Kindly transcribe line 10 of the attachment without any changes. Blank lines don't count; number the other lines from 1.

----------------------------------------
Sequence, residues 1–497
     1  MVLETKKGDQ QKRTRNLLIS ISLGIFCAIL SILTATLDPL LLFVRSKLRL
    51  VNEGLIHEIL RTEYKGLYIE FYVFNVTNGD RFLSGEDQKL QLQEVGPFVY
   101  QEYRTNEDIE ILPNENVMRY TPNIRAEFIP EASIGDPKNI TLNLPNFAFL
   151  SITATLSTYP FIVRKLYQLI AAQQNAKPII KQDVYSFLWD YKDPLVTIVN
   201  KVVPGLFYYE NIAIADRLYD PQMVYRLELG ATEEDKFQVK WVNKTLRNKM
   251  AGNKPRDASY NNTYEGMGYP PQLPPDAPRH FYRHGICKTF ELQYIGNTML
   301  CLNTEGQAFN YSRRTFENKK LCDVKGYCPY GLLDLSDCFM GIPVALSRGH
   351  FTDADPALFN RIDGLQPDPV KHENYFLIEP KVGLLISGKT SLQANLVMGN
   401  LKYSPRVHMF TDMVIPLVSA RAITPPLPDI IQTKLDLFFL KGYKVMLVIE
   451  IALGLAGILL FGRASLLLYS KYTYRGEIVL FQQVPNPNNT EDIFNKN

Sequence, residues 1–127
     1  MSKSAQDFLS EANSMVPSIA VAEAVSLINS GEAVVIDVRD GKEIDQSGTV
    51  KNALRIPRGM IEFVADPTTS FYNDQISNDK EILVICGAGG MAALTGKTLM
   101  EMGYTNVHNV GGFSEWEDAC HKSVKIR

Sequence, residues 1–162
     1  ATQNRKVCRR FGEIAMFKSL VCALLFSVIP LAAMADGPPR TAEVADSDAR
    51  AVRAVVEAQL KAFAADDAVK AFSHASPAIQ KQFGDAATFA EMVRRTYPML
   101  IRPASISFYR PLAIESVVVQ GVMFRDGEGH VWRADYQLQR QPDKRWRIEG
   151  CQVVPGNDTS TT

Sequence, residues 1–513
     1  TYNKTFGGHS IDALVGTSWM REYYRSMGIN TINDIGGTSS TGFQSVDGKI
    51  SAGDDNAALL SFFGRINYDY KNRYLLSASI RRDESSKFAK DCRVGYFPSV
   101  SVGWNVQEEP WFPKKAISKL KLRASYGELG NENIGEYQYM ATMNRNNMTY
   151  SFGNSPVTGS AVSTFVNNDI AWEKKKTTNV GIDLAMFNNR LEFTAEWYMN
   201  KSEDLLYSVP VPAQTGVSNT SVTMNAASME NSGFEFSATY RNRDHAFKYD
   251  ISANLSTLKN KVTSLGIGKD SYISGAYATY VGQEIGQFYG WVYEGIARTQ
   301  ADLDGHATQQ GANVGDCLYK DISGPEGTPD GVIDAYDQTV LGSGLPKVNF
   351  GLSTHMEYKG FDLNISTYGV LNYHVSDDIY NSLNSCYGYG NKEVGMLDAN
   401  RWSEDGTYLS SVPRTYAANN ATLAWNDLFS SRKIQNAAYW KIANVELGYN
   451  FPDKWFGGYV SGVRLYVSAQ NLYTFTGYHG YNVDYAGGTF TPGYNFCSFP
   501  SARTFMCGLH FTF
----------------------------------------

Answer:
   401  LKYSPRVHMF TDMVIPLVSA RAITPPLPDI IQTKLDLFFL KGYKVMLVIE